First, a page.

I spent ten hours this past Saturday helping to coordinate City Year Columbus' efforts in the King-Lincoln-Bronzeville neighborhood. CYCO, the local neighborhood association, and half-a-dozen other groups joined together in efforts to clean and revitalize a local historic neighborhood.
The King-Lincoln-Bronzeville neighborhood once served as the cradle of jazz and center of African-American culture in Columbus. Eventually, freeways sectioned off the area and the fabric of the community began to unravel. Using this area as a model for further renovations of sections of Columbus is fitting and powerful both literally and metaphorically.
Witnessing 300 people join together in a morning of service was inspiring. Neighbors, people from outlying areas, and throughout the greater Columbus community worked to make the project a success. Sustaining this project and making it successful in the long-term will be the hard part. Local community groups have a plan to begin a summer program where residents continue these efforts for a modest stipend. If successful, this project will be repeated on a larger scale in upcoming years affecting other communities as best as possible. Using this model, Columbus may begin venturing toward revitalizing historic and challenged sectors. All of the stress and anxiety this past week seems worth it if this project proves to be the kick-off of a larger movement as it hopes to be.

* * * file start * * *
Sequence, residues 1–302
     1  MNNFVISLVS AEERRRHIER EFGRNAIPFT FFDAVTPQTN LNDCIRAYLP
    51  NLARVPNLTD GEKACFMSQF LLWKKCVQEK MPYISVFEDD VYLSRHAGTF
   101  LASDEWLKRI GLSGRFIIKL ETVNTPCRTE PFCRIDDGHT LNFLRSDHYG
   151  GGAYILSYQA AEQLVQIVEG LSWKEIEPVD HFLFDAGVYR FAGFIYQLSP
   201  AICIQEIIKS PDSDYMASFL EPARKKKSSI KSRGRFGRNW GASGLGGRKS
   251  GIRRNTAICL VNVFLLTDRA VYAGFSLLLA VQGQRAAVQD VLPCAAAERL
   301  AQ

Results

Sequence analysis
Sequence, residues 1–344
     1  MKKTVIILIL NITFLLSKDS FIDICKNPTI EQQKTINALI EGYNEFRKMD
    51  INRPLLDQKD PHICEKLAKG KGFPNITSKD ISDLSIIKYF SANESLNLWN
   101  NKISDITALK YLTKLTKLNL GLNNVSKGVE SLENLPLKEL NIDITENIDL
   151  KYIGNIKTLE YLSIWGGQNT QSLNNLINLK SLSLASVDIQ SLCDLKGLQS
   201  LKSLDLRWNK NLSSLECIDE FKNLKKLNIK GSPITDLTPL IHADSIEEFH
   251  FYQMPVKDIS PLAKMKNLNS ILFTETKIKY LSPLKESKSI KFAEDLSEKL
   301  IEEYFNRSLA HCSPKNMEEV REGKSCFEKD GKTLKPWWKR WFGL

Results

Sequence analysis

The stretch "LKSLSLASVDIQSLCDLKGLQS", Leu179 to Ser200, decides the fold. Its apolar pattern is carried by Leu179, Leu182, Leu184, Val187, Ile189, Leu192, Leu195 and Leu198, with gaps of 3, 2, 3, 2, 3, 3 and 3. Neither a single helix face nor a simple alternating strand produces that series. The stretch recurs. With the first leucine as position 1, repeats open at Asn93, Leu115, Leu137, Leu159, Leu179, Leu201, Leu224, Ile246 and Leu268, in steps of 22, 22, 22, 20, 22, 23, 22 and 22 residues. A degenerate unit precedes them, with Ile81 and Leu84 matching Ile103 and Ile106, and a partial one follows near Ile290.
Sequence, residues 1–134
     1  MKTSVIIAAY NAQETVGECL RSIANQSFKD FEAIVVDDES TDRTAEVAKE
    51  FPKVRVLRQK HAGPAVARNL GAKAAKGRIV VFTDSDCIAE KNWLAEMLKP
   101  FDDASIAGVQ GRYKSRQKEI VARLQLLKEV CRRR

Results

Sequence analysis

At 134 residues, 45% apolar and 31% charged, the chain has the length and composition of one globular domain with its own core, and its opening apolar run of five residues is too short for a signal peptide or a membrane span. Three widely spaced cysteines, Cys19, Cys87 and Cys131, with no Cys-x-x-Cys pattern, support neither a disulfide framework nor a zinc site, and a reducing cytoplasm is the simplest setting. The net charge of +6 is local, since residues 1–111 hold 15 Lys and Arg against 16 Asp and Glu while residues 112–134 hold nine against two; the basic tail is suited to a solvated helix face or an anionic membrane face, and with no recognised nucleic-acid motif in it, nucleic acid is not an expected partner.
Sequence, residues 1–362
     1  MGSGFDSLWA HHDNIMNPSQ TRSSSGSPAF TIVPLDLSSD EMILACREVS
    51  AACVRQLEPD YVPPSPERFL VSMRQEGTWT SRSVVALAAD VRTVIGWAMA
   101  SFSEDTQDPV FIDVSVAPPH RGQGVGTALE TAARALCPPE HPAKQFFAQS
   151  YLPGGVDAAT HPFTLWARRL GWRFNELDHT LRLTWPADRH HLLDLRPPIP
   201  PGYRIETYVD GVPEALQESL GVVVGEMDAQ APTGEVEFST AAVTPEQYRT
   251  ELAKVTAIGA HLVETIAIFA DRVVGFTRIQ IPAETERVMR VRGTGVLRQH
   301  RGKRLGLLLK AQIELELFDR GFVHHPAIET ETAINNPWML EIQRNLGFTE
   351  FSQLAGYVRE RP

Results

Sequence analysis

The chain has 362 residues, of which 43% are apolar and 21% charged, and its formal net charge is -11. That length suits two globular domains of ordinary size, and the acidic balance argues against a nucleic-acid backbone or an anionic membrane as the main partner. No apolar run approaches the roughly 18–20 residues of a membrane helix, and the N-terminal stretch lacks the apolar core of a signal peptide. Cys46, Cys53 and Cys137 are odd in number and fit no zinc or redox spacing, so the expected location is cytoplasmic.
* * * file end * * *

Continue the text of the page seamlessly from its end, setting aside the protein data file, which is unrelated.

I look forward to traveling back to Columbus in future years to see the progress if it indeed comes to fruition.